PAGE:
This helps to organize your site into neat categories for easier crawling and indexing, and can increase likelihood that your organic results will contain sitelinks.
Wellbot’s well-organized site structure results in sitelinks within Google organic search.
11. Do you have reviews on product pages?
Including reviews and ratings on your product pages not only helps customers make more informed purchase decisions, it also helps to increase the quantity of content on these pages and can allow for organic visibility on new keywords.
Additionally, you can add product review schema, which may lead to star ratings being included in search results, creating a richer and more eye catching organic listing.
Backcountry’s use of reviews and structured data has resulted in review snippets being added within their organic search listings.
12. How speedy is your site?
The time it takes for your site to load is an important factor in user experience and search engine visibility. If your site takes a long time to load, users will likely leave and go find another site that provides them with a better and faster experience.
Also, if the search engines note that your site loads slowly, they’re likely to think that the site is not high quality, and thus they may not give it the visibility you hope for. Test your site speed here, and make any necessary changes as noted from the test.
13. Is your site mobile friendly?
Mobile SEO has quickly evolved from optional checkmark to mandatory requirement. Search engines reward sites that are mobile friendly, giving them a “Mobile Friendly” label on mobile search results and a boost in ranking over non-mobile-friendly competitors.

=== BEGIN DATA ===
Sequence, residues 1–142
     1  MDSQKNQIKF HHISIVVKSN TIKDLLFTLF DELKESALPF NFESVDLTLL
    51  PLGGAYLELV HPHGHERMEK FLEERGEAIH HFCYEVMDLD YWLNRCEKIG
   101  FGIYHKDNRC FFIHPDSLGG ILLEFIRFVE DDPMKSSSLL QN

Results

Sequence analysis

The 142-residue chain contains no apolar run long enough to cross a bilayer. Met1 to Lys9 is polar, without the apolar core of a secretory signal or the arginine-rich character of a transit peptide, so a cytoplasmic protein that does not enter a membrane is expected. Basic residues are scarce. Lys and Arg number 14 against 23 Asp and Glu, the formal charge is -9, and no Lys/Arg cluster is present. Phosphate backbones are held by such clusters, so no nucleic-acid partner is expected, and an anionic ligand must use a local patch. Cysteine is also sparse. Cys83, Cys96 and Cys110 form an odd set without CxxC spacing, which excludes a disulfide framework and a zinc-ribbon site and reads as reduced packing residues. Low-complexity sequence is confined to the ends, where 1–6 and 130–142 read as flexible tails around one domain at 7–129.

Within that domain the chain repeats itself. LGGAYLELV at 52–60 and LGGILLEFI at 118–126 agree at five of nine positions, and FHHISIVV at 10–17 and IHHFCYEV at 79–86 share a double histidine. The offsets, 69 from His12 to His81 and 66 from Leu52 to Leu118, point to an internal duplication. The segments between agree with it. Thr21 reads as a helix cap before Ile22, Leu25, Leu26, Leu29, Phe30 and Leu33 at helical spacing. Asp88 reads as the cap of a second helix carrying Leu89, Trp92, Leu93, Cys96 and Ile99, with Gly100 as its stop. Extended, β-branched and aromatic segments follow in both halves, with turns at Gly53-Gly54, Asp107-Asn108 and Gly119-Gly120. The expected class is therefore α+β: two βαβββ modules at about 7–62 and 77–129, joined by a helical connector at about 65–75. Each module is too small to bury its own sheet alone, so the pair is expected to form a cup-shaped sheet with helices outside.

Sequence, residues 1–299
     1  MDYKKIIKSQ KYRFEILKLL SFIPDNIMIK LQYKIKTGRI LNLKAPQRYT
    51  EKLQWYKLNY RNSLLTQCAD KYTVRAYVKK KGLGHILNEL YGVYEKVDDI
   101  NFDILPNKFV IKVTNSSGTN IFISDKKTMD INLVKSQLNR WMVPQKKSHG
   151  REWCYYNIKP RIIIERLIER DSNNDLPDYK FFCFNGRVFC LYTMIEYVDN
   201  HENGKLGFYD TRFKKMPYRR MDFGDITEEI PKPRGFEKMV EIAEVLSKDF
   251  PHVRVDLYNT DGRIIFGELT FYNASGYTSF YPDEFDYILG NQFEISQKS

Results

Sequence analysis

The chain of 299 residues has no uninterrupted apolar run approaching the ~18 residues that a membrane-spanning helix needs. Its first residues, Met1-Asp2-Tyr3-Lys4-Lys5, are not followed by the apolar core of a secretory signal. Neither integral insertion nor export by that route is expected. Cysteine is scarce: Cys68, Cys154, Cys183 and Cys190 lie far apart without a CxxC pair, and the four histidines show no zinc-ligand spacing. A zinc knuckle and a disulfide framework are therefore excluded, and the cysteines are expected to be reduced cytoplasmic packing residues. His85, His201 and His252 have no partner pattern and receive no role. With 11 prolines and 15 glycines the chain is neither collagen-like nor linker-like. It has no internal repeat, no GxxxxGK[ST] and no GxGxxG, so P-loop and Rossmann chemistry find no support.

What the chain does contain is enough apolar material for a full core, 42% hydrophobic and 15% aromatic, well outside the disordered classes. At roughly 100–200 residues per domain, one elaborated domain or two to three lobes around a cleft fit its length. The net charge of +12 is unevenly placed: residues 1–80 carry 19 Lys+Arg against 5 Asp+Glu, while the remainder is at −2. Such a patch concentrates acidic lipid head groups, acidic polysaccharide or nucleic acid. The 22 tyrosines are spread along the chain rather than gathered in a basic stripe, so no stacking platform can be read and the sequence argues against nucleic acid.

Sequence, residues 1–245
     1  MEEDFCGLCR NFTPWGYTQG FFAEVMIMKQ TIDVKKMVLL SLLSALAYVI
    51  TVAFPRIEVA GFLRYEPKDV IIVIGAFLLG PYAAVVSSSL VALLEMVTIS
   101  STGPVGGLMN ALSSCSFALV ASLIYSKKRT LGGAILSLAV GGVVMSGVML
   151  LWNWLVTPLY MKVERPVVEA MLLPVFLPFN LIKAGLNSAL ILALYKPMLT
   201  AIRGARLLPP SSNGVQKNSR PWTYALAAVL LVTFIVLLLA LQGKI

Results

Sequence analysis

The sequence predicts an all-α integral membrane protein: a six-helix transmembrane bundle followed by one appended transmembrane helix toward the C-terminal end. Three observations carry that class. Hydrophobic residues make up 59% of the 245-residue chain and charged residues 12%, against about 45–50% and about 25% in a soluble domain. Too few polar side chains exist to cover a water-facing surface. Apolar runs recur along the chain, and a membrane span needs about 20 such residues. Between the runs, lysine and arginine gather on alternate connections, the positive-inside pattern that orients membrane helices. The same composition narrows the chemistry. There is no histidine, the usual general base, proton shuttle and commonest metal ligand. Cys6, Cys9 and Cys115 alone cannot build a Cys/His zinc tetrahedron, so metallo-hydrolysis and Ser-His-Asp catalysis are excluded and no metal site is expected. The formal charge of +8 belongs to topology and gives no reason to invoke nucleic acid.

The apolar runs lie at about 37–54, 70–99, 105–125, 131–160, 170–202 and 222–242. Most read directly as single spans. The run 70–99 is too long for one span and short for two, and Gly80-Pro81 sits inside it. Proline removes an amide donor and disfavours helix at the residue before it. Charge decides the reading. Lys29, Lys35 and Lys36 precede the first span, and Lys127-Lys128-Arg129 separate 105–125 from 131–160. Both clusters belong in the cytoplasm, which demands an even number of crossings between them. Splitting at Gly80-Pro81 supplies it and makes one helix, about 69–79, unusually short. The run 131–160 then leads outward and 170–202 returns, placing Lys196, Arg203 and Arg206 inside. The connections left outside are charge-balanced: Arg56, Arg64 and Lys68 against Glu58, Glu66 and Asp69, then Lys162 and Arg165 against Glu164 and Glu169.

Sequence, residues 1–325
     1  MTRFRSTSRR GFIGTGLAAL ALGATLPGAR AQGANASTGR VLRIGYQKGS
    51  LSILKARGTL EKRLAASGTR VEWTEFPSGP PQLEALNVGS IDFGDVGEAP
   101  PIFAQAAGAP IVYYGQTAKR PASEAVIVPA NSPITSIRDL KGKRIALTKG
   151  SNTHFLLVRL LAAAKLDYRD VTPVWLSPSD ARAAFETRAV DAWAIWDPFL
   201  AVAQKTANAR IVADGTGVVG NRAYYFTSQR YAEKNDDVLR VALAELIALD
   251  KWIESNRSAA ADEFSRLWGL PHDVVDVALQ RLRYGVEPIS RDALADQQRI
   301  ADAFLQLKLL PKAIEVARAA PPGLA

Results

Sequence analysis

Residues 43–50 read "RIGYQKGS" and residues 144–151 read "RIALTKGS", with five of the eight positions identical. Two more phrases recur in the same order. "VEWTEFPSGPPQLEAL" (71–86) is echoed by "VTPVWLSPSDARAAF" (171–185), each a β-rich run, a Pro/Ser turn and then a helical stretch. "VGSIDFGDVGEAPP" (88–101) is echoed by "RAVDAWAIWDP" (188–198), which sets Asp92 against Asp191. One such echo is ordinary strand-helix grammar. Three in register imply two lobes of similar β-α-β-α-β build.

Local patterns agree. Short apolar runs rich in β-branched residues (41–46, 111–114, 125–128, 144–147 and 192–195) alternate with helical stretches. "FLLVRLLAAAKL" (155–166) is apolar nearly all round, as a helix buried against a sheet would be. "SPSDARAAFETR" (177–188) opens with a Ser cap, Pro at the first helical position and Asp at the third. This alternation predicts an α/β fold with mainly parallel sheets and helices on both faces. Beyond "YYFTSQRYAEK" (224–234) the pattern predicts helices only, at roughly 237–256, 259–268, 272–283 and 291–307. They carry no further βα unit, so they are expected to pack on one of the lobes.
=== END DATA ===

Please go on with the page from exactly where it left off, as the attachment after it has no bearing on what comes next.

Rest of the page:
Test how mobile friendly your site is here. If your site is responsive (as all BigCommerce sites are), you should pass the test with flying colors. If you don’t fare as well, make any necessary changes as noted from the test results.
14. How are customers using your internal site search?
Optimizing for internal search is just as important as optimizing for Google search. Track and analyze what terms customers are using on the search bar within your site.
Note any misspellings, synonyms or abbreviations that may be causing errors in results or a poor experience. Fix any issues with search filters and usability to ensure users are finding the products they want in the quickest and easiest fashion.
Use Google Analytics to understand how customers use internal search, what keywords are used and how they navigate the site after searching.